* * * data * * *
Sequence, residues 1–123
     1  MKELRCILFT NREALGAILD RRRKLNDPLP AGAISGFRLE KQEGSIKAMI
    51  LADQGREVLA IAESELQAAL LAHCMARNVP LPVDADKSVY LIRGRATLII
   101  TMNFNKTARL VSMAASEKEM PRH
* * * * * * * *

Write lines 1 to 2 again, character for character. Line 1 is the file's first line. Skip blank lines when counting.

Sequence, residues 1–123
     1  MKELRCILFT NREALGAILD RRRKLNDPLP AGAISGFRLE KQEGSIKAMI